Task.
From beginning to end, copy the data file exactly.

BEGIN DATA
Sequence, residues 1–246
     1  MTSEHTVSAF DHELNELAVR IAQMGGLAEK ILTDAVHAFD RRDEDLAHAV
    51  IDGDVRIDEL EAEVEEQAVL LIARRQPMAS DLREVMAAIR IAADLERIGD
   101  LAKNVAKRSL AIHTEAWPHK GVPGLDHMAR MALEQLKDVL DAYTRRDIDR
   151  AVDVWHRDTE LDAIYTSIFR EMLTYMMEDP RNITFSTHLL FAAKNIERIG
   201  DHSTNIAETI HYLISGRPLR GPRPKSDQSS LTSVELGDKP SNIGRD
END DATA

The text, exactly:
Sequence, residues 1–246
     1  MTSEHTVSAF DHELNELAVR IAQMGGLAEK ILTDAVHAFD RRDEDLAHAV
    51  IDGDVRIDEL EAEVEEQAVL LIARRQPMAS DLREVMAAIR IAADLERIGD
   101  LAKNVAKRSL AIHTEAWPHK GVPGLDHMAR MALEQLKDVL DAYTRRDIDR
   151  AVDVWHRDTE LDAIYTSIFR EMLTYMMEDP RNITFSTHLL FAAKNIERIG
   201  DHSTNIAETI HYLISGRPLR GPRPKSDQSS LTSVELGDKP SNIGRD